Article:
In the wake of a North Yorkshire woman successfully contesting her parents' will after they left their 2.34m estate to the RSPCA, Anne Elliott, a Partner at Latimer Hinks Solicitors, in Darlington, is advising on the precautions people should take if they want to prevent their will being challenged.
Christine Gill, 58, of Potto, near Northallerton, claimed her father coerced her mother into making the will that gave their 287-acre farm to the animal charity.
Her parents had signed mirror wills in 1993, which left the farm to each other and then to the RSPCA if they both died.
The court accepted that John Gill, who died in 1999 aged 82, had used his "domineering and bombastic personality" to force his wife Joyce to follow his wishes.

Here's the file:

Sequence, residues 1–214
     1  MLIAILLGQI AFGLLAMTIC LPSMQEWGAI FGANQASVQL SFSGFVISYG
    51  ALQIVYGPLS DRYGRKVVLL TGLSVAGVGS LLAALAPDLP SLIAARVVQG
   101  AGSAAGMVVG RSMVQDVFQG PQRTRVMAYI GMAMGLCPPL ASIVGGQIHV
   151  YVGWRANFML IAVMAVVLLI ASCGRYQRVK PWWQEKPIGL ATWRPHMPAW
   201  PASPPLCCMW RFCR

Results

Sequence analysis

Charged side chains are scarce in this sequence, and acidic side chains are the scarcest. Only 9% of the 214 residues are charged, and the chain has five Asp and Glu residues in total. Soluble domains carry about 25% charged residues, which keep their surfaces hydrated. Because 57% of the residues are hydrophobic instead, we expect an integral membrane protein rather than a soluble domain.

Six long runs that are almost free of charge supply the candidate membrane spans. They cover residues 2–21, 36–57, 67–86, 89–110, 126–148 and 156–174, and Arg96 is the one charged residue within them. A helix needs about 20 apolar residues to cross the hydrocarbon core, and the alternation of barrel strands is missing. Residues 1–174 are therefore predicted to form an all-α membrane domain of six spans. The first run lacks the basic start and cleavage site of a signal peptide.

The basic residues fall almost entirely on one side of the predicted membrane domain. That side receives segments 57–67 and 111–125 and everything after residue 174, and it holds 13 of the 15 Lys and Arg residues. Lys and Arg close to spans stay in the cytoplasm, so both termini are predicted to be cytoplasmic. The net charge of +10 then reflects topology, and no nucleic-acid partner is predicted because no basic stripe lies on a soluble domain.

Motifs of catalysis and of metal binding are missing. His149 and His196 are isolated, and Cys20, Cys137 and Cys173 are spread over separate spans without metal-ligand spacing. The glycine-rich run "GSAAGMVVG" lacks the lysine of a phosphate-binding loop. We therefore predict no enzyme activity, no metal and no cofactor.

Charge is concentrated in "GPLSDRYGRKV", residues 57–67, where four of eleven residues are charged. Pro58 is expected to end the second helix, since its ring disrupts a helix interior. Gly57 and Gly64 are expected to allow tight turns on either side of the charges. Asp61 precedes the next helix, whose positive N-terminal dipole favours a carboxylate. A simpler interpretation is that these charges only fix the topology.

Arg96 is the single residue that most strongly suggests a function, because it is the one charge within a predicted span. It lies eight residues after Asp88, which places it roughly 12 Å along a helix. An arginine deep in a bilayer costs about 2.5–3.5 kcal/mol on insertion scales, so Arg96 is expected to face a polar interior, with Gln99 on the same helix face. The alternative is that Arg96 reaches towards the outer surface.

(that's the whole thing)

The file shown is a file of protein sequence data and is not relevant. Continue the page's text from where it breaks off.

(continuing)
But experts disagreed about her mental state, with one telling the court that whilst she was an eccentric woman she did not have a formal psychiatric disorder.
Anne said: These days a solicitor should warn someone making a will leaving money to charity rather than to the family that there is a serious risk of the will being contested.
To prevent this happening it is sensible for clients to authorise their solicitor to contact their GP to obtain a report on their mental capacity, specifically referring to the terms of the proposed will.
Regarding this case, I suspect that the RSCPA will appeal as the reports suggest that experts disagreed about the mothers mental state.